October 1, 2011

Modesta, a Malawi mother-to-be, groans in pain from a contraction.  She is in labor.  Not too long ago, she may have been alone during this time, with only her medically untrained family for support.  She would have risked complications and even death for her and her child because her village had no clinic and was too remote to reach any medical facilities in time.


Today however, she is accompanied by a trained mid-wife, one of the numerous initiatives being taken by the government of Malawi as part of the country’s commitment to the year old “Every Woman Every Child” campaign launched by United Nations Secretary General Ban Ki-moon.

Five of the 200 partners in this effort convened on Tuesday, October 25, 2011 at the School for International and Public Affairs (SIPA) for a panel event hosted by the United Nations Studies Program (UNSP). Professor Elisabeth Lindenmayer moderated the evening panel discussion, which included representatives from each of the branches of the United Nations, namely the secretariat, the agencies, the member states, civil society and the increasingly important partner in global initiatives, the private sector. 

Robert Orr, UN Assistant Secretary-General for Strategic Planning and Policy Coordination, called Every Woman Every Child a, “Revolution in the Making.”  During the panel, he stated it is in fact three revolutions in one. 

Revolution one consists of a revolution in ambitions. This references the unprecedented global ambition to take the issues seen as least important and bring them to the forefront of global importance.

“This initiative is to take the caboose of the MDG train and make it the engine,” he said, explaining that without improving the health of women and children, the other MDGs simply cannot be achieved. 

The second revolution concerns the approach to addressing this issue. It is a truly “multi-sectoral” attempt, as seen by the broad range of panel members, to engage all members of the international community to commit to making women’s and children’s health a priority.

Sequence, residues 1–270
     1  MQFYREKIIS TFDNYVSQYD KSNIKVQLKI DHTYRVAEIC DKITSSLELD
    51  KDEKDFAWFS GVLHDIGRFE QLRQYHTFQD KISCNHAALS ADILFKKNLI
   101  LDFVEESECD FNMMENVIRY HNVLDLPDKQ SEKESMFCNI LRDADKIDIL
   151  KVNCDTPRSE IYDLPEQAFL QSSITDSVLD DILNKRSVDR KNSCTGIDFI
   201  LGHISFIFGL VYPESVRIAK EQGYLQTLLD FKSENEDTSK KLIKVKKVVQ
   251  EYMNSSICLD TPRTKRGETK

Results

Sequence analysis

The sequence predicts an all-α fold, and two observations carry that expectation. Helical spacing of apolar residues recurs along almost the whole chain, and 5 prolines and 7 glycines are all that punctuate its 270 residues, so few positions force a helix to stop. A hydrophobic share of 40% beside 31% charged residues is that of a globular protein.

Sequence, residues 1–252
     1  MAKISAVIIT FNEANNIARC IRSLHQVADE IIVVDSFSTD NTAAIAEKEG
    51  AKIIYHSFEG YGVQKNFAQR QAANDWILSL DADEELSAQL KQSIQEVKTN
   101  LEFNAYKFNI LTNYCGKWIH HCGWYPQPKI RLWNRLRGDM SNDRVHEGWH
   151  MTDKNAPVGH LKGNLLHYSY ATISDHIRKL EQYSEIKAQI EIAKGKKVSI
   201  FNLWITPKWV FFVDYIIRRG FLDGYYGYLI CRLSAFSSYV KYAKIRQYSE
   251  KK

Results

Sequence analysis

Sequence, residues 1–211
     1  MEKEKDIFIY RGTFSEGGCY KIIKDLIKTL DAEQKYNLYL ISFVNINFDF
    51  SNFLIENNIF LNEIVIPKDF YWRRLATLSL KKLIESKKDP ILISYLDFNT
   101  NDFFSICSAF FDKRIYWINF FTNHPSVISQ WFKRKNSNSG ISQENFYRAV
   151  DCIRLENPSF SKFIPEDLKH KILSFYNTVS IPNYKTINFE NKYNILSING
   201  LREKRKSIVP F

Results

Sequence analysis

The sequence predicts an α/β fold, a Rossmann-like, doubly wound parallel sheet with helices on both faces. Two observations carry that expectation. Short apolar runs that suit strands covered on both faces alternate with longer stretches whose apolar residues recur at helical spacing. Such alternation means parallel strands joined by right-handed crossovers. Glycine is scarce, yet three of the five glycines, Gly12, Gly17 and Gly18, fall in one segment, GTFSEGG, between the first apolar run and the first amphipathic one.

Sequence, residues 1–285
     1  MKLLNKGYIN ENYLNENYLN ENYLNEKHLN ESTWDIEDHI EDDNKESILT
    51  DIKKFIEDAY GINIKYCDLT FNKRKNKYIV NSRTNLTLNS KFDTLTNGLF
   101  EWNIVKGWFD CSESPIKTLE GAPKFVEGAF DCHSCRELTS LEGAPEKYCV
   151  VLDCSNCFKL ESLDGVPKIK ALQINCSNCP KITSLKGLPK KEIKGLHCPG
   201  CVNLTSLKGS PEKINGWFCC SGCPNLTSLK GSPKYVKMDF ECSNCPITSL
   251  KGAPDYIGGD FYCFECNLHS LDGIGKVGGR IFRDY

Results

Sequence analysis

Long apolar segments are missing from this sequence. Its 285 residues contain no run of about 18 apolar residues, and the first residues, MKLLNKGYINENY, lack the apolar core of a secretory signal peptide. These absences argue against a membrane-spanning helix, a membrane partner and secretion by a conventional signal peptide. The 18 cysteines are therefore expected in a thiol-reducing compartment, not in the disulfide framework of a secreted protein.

The last revolution Mr. Orr spoke of was the revolution of results that has occurred since the beginning of this campaign, only one year ago. Every speaker had something positive to say concerning the improvements that have begun as a result of Every Woman Every Child. 

Ian Pett, Chief of Health Systems and Strategic Planning at UNICEF spoke of the decrease in maternal mortality by almost half in just a short time, from 600,000 maternal deaths to 300,000. He admits, however, that is it still much less of an improvement than was initially intended by the MDGs. 

Scott P. Ratzan, MD, Vice President Global Health at Johnson and Johnson spoke of the private sector initiative by his company to help 120 million women by 2015 through increased use of new technologies to improve health literacy. 

Janna Oberdorg, representing the non-profit Women Deliver, recounted the real change in political will she has seen recently, allowing the goals of improving of women’s and children’s health to be truly accomplished. 

Lastly, we heard from Janet Z. Karim, a representative of the Permanent Mission of Malawi to the United Nations, who recounted improvements being felt by the recipients of this initiative, the women and children of the member states. Her talk included the story of Modesta, a pregnant woman in Malawi reaping the benefits of improved medical care. 

This question of accountability brought about a number of questions from the audience, which included both students from throughout Columbia University as well as individuals from civil society. 

What exactly this accountability consists of is still unclear, even after a round of responses, as well as input from a representative from Canada working on the actual accountability framework, who was in the audience of the event. Whether it will go beyond, or even include, the traditional “naming and shaming” that is the standard practice for human rights workers remains to be seen. 

Generally, accountability is hard to uphold in the global arena, particularly within a system such as the UN, which requires many decisions to be based on an overall consensus from the 193 member states. There is often politics that prevent many governments and individuals from being “named and shamed,” and the United Nations operate on the good will of its member states. 

In effect, member states are the ones who decide whether or not to enforce a commitment or prioritize an issue.  Previously, issues concerning women were not seen as important enough to merit such actions. There is great hope that this accountability framework will be able to enforce commitments that have been made and penalize those who break them. 

In response to the last question of the night, posed by Professor Lindenmayer, on what is the most important thing needed to achieve these new goals, the consensus was, leadership, political will, and, perhaps most important of all given the truly global and complex nature of the problem, partnership.

 

 Zara Rapoport (MIA ‘12)